The main advantage of leasing is that your initial outlay of cash to gain the use of an asset is generally less for leasing than it is for purchasing. However, perhaps the main disadvantage of leasing is that you usually end up paying out more over the asset's life than you would have paid if you purchased the asset. How do you reconcile these two factors? Well, one way is to do a mathematical analysis of your net cash flows that would result from leasing and from purchasing.
A cash flow analysis provides an estimate of how much cash you would need to set aside today to cover the after-tax costs of each acquisition alternative. The analysis takes into account the "time value of money," which is basically the concept that you don't need to have $50 today to pay a $50 expense in one year, due to the fact that you can earn interest on your money. To perform the analysis, you need to know or assume certain facts, including:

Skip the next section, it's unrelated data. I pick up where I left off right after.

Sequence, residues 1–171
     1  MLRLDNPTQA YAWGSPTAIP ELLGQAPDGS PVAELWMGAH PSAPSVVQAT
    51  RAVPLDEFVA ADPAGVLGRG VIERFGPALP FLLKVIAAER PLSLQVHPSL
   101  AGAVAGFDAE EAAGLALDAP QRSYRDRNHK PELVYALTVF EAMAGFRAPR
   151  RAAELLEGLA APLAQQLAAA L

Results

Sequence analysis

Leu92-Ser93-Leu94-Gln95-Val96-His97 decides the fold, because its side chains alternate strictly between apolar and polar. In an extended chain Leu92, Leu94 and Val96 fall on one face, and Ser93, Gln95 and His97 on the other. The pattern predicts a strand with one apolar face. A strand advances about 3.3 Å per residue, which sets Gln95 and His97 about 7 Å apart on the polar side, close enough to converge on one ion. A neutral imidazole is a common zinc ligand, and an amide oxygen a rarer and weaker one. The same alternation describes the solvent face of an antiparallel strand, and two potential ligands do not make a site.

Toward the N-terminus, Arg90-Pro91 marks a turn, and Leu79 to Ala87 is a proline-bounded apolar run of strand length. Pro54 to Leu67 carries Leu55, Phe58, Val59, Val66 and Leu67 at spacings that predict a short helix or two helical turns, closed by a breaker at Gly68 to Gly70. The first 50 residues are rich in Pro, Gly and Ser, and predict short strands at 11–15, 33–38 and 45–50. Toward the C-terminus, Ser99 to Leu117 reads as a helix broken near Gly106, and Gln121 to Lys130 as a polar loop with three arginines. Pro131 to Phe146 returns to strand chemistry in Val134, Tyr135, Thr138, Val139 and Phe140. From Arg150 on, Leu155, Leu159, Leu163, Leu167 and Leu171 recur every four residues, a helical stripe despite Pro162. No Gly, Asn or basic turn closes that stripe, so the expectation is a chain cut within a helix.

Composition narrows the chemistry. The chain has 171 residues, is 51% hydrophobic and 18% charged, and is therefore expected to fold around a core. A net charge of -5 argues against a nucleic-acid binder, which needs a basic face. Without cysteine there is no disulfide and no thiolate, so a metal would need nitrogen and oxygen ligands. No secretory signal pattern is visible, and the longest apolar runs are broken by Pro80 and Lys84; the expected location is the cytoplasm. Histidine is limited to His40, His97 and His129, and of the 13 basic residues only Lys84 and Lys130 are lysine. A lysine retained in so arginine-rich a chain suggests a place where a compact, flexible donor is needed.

For an example of how you'd go about doing a cash flow analysis, see our case
study on the subject of leasing vs. purchasing.